Sage Singer is a baker. She works through the night, preparing the day's breads and pastries, trying to escape a reality of loneliness, bad memories, and the shadow of her mother's death. When Josef Weber, an elderly man in Sage's grief support group, begins stopping by the bakery, they strike up an unlikely friendship. Read more...
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J. D. Robb
Sage Singer is a baker. She works through the night, preparing the day's breads and pastries, trying to escape a reality of loneliness, bad memories, and the shadow of her mother's death. When Josef Weber, an elderly man in Sage's grief support group, begins stopping by the bakery, they strike up an unlikely friendship. Despite their differences, they see in each other the hidden scars that others can't, and they become companions.
Everything changes on the day that Josef confesses a long-buried and shameful secret--one that nobody else in town would ever suspect--and asks Sage for an extraordinary favor. If she says yes, she faces not only moral repercussions, but potentially legal ones as well. With her own identity suddenly challenged, and the integrity of the closest friend she's ever had clouded, Sage begins to question the assumptions and expectations she's made about her life and her family. When does a moral choice become a moral imperative? And where does one draw the line between punishment and justice, forgiveness and mercy?
In this searingly honest novel, Jodi Picoult gracefully explores the lengths we will go in order to protect our families and to keep the past from dictating the future.
Publishers Weekly® Reviews
- Reviewed in: Publishers Weekly, page .
- Review Date: 2013-01-21
- Reviewer: Staff
Picoult (Change of Heart) reconfigures themes from her other bestsellers for her uneven new morality tale. Twenty-five-year-old reclusive baker Sage Singer befriends the elderly Josef Weber, who shares something shocking from his past and asks her to help him die, a request that pins Sage between morality and retribution. Sage, a Jew who now considers herself an atheist, begins to think more deeply about faith. Picoult examines the links between family identity, religion, humanity, and how it all figures in difficult decisions. The three-parter is narrated by several characters, including Sage’s grandmother Minka, who survived the Holocaust. Snippets of a novel Minka wrote focus on a bloodthirsty beast, a metaphor for life in a death camp. Picoult’s formulaic approach to Minka’s accounts of the Holocaust is a cheap shot, but the author appreciates Sage’s moral bind. Nearly half of the book is devoted to a verbose, sad recounting of Minka’s time during the war, but the real conflict lies within Sage. That conflict, and the complexity of a character who discovers herself through the trials of Josef and Minka, is the book’s saving grace. Agent: Laura Gross, the Laura Gross Literary Agency. (Mar.)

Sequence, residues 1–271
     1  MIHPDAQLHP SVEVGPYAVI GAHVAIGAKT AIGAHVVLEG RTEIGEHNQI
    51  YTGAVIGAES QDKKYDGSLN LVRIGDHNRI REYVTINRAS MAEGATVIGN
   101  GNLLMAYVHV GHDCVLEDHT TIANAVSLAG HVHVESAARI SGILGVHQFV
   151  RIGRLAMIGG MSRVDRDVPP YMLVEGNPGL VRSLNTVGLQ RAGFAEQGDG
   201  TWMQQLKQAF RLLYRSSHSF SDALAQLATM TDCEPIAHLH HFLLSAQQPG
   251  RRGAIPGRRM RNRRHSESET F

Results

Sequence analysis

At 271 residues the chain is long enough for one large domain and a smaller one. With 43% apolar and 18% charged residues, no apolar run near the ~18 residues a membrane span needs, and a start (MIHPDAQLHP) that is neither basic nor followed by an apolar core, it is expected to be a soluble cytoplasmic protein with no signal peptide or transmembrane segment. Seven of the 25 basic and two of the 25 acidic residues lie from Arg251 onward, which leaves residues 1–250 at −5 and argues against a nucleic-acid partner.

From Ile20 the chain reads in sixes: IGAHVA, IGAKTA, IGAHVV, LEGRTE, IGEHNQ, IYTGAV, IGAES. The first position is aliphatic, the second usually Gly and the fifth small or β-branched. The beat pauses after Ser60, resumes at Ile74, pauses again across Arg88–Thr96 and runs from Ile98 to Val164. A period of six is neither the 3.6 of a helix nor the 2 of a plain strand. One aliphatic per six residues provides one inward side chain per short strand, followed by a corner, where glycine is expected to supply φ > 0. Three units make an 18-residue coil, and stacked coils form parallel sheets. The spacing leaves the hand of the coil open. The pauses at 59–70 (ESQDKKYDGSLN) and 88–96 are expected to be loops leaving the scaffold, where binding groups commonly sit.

The past can always find you
Jodi Picoult, in her 19 previous provocative, plot-driven novels, has tackled a broad spectrum of timely social issues—from child abuse and capital punishment to organ donation and Asperger’s syndrome.
In The Storyteller, her latest, she weaves together two parallel stories from the darkest hours of the Holocaust. The link between these two stories is Sage Singer, a young, non-practicing Jewish woman in a small New Hampshire town. Sage is a loner—her father died suddenly when she was 19, her mother succumbed to cancer three years later, and she sustained significant facial scarring in an auto accident. Single, and a talented baker, she works the night shift at a local boutique bakery.
Sage’s grandmother, Minka, lives at an assisted living facility nearby. Though they are close, Minka has never shared the story of her childhood in Poland—even when Sage asked about the numbers tattooed on her grandmother’s forearm.
Sage attends a weekly grief support group, and she bonds with the newest member, Josef Weber, a 90-year-old widower. Josef is beloved in town as a teacher, coach and volunteer. But one day he unexpectedly confesses that he was an SS officer at Auschwitz, and that he now wants to die—and would like Sage to help him do so. Sage is stunned, but after a long discussion of his involvement in the Hitler Youth movement, and subsequent advancement to the SS, she begins to believe him. At the same time, she finally convinces Minka that it is time to tell her story of her life in Poland, and the horrors she faced—first in the Ghetto, then in two concentration camps before being rescued from Auschwitz in 1945.
Picoult deftly juxtaposes these two stories, which unfold along parallel lines: that of the German boy, “raised with scruples,” who by some “toxic cocktail of cells and schooling” became a participant in mass genocide; and her own grandmother’s harrowing memories of family members dying from starvation, and her tenuous survival in the camps, where “death had become part of the landscape.” She explores, along with the reader, the perhaps unanswerable questions of who has the power to forgive—and are there some acts which are simply unforgiveable?
The Storyteller is another thought-provoking novel from Picoult. Sadly, it is also one that is still timely, as episodes of genocide still occur today, and are somehow still ignored.